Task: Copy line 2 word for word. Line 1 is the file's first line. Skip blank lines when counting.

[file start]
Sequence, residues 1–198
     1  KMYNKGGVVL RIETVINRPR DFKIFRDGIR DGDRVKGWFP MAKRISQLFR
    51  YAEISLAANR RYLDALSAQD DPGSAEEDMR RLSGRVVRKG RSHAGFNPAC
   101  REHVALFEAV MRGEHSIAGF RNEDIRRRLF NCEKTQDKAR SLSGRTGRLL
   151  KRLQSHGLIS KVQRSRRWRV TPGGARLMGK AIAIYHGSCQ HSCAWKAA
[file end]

     1  KMYNKGGVVL RIETVINRPR DFKIFRDGIR DGDRVKGWFP MAKRISQLFR